Coronavirus News Asia

US Navy cans commander of Covid-stricken carrier


FDR might have been sympathetic. The US Navy, clearly was not.

Obviously embarrassed by a very public scandal that made them look incompetent, the Pentagon has publicly keel-hauled the commander of a US aircraft carrier for voicing legitimate concerns about his crew to Navy leaders during an onboard coronavirus outbreak.

Veteran Captain Brett Crozier was relieved of command days after writing a letter warning Navy leadership that decisive action was needed to save the lives of the ship’s crew, CNN reported.

“Today at my direction the commanding officer of the USS Theodore Roosevelt, Captain Brett Crozier, was relieved of command by carrier strike group commander Rear Admiral Stewart Baker,” acting Secretary of the Navy Thomas Modly said, during a Pentagon press briefing.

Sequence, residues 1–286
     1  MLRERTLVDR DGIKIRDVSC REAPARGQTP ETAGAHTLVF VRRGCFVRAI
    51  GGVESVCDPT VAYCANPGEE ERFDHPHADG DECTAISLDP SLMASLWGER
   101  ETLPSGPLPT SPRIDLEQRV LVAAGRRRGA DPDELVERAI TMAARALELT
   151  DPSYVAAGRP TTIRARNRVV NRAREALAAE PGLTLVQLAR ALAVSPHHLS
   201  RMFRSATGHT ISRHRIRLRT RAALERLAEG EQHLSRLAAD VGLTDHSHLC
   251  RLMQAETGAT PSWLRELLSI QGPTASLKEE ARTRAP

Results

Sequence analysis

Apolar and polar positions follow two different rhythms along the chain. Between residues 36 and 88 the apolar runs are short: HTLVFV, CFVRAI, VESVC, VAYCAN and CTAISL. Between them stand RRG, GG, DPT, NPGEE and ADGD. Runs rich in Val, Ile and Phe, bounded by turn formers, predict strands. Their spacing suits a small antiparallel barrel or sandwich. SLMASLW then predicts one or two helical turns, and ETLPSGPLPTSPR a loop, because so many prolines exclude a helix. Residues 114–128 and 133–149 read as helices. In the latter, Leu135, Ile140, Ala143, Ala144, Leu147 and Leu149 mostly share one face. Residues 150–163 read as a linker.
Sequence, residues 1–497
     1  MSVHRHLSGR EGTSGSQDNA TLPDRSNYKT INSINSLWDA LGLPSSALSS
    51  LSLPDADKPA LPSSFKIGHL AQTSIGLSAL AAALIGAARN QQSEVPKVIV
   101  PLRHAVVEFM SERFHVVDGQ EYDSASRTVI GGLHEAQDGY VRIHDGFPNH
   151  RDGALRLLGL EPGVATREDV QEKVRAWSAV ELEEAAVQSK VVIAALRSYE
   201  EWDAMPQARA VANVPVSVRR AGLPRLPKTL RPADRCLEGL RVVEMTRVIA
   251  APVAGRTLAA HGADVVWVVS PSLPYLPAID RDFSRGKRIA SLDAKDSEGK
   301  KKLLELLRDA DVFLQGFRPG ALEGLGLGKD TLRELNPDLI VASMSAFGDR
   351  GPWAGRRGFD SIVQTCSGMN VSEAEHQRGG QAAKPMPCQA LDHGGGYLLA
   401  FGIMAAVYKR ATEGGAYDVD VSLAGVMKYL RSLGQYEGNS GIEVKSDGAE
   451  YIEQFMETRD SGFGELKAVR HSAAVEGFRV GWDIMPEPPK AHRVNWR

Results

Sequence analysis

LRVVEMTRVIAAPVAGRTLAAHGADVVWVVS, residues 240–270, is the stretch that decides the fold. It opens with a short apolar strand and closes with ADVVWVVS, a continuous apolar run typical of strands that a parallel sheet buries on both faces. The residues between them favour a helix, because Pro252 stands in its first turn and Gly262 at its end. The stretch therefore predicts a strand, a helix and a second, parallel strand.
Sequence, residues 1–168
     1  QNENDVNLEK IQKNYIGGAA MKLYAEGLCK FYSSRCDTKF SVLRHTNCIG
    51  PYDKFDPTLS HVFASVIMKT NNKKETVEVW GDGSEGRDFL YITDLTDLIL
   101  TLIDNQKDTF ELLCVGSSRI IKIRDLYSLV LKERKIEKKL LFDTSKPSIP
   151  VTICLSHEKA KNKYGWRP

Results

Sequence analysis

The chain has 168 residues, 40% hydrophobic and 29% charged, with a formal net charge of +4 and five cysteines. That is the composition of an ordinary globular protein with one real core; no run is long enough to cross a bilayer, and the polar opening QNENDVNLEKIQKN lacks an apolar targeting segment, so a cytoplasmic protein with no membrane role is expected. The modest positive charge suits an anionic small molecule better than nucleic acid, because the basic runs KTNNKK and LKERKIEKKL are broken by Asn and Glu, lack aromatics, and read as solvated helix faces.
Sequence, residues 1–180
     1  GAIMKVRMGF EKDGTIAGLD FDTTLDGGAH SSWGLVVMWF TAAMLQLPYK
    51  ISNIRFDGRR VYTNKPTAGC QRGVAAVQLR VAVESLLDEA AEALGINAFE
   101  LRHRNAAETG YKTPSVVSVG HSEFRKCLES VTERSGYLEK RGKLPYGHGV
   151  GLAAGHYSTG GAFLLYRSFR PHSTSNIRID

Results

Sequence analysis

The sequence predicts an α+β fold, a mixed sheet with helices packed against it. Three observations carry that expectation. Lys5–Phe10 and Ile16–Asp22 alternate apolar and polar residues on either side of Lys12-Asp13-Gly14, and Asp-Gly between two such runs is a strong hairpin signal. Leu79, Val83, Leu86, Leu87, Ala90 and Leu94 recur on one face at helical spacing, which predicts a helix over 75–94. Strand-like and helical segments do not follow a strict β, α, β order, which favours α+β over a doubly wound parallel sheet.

Modly told reporters that Crozier was not removed because of any evidence suggesting he leaked the memo to the press, but rather for allowing “the complexity of his challenge with the COVID breakout on the ship to overwhelm his ability to act professionally when acting professionally was what was needed the most at the time.”

“I have no information nor am I trying to suggest that he leaked the information. It was published in the San Francisco Chronicle. It all came as a big surprise to all of us that it was in the paper and that’s the first time I had seen it,” he added.

“What I will say, he sent it out pretty broadly and in sending it out broadly he did not take care to ensure that it couldn’t be leaked and that’s part of his responsibility in my opinion.”

The information in question was contained in a memo written by Crozier earlier this week to the Navy’s Pacific Fleet, the CNN report said.


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